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Landlord Responsibilities: Natural Disasters

In the aftermath of Hurricane Michael, and what it’s done to Panama City Beach and the surrounding areas, we’ve once again been reminded of what happens when a big storm hits. As a landlord, you’ve got double the responsibilities -- taking care of your home and your rental property. Before the next storm or next hurricane season, make sure you know exactly what you’re required to do as a landlord -- and what’s a good idea, even if it’s not required.


Before the Storm


While you’re not legally required to protect your rental property before the storm hits, it makes financial sense to take precautions. It’s also a good way to minimize damage and stress that you’ll have to deal with once the storm passes. Here are some things you should do before the storm hits:


● Check your lease. If you included language of tenant responsibilities prior to a storm, make sure you know exactly what they are. Remind your tenant what they’re required to do, too.

● If you’re not going to prepare the property: Provide instructions, materials, or a website to your tenants on how they can best protect the property and their own belongings.

● Urge your tenants to follow evacuation orders. For tenants with pets, make sure they know that there will be shelters who will take their pets. Having a pet shouldn’t stop them from getting out of harm’s way.

● If your tenants have renters insurance, let them know to take pictures of their belongings before the storm. This will come in handy if they need to file a claim.

● Board up windows or install hurricane shutters for the storm. Doing it yourself means you know it’s been done and your property is protected.

● Remove damaged trees or dead/old branches from the property before they can become dangerous during high-winds. Considering how prone the Emerald Coast is to storms, it’s a good idea to do this once or twice a year, well before a storm approaches.

● Check the gutters and siding and make sure they’re secure. This may help prevent them from peeling off the property and becoming additional debris.

● Ask tenants to bring in patio furniture, grills, toys, or lawn equipment. This will reduce damage to their property and yours.


After the Storm


Once the storm hits, it’s time to find out what’s going on with your property. At this point, you have certain legal responsibilities, depending on what the storm did to your rental.


Assess your property. You’re going to be responsible for making sure the building is safe and in good repair, so you need to know what damage has been done. Takes plenty of pictures for the insurance claim.


Deal with damage. If damage was minimal, you may only need to deal with the clean-up so it’s time to decide if you want to DIY it or hire professionals. If it was extensive, you need to contact your insurance provider.


You must make repairs as quickly and diligently as possible. Of course, after a hurricane, the claims process will move very slowly. Work with your tenants to help them stay safe. What happens next depends on whether the rental is uninhabitable or if your tenants can remain.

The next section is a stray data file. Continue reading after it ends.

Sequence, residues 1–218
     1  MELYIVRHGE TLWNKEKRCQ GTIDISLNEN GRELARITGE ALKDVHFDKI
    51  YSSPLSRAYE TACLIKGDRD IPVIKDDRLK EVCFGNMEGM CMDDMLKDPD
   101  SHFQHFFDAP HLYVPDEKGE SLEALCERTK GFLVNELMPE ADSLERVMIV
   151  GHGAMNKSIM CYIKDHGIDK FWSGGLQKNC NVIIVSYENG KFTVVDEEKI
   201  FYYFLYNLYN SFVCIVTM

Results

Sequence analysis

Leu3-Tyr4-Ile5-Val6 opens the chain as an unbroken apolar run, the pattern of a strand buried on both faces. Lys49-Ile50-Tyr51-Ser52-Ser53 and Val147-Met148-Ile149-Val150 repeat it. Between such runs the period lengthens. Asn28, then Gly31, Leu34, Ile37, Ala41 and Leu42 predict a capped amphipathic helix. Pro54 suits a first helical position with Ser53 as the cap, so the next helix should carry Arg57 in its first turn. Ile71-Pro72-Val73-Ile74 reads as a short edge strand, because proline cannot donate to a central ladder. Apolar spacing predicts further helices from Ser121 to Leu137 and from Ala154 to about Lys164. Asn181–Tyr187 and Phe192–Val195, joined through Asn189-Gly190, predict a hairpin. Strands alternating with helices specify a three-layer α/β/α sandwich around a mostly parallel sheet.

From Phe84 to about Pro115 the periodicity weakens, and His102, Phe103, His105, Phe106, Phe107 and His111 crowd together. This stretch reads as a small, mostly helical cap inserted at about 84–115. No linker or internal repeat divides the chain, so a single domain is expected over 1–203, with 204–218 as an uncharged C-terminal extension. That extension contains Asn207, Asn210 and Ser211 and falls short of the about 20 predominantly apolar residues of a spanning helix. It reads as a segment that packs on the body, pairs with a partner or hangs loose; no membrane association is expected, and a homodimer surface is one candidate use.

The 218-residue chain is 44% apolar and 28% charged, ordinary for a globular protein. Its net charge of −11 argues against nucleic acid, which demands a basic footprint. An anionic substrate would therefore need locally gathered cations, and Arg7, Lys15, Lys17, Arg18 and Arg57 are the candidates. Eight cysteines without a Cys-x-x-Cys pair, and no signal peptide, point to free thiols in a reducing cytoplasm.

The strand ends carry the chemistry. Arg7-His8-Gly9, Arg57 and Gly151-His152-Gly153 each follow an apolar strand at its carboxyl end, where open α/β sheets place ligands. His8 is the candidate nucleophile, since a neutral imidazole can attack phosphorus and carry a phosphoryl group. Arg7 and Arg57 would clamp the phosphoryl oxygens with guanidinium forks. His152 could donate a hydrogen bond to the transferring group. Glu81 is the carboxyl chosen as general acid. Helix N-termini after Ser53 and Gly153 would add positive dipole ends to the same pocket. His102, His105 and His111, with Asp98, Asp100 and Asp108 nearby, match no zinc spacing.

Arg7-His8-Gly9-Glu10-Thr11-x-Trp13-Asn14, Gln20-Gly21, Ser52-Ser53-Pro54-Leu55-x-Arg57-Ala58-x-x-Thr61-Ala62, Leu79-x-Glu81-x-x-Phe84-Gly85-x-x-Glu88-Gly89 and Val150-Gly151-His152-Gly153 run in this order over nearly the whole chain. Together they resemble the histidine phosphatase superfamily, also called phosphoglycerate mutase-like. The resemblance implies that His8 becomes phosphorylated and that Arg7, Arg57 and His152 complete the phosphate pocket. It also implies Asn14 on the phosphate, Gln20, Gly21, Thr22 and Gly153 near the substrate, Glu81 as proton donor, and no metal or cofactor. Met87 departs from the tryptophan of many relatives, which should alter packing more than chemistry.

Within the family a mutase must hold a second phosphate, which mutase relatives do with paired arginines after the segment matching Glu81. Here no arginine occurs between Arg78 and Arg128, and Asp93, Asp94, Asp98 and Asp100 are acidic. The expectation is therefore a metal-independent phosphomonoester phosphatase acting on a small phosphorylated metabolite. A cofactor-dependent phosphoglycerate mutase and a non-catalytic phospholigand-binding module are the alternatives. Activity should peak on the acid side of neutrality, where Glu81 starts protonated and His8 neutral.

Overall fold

Uninhabitable Rentals


According to Florida law, if your rental property is uninhabitable, your tenant can terminate their lease without penalty and move out. If only part of the property is uninhabitable, the rent can be reduced by the fair market value of the part of the property they can’t use.


If a tenant is one you’d like to keep, and it’s financially feasible for you, you may want to consider working with them so that they come back once the rental is fixed. Depending on your insurance policy, you may be able to pay for other living accommodations for your tenants until the repairs are completed.


Habitable Rentals


When a rental can still be lived in, the lease is still in place, including whatever provisions you have regarding rental payment and lease termination. But this may also be a time of financial hardship for your tenants. Most people don’t have a lot of savings, and your tenants may have used everything they had just to evacuate.


While you do have to consider your business and the expenses you have, this is also a time for compassion and empathy, especially if you want to keep your tenants long-term. You can do several things to help renters during this time:


● Waive late fees

● Offer reduced rental rates for a limited period of time

● Allow rental payments to be skipped -- with a repayment plan to allow them to make up the missed payments later, once everything is back to normal.


Whatever you decide, make sure you get it in writing so there are no questions later.


As a landlord, your responsibility is to provide a safe and functional home for your tenants. While you can’t predict the damage a natural disaster will inflict, you can control what you do before and after the storm. In big disasters that destroy properties, you have very specific legal responsibilities. But even after smaller storms, there are things you can do to help your tenants and your rental.


Need help managing your properties before or after a storm? Looking for an expert who can help you stay legal as a landlord? Contact ERA American Real Estate today. Our property management office has the resources and experience to help you weather any storm.


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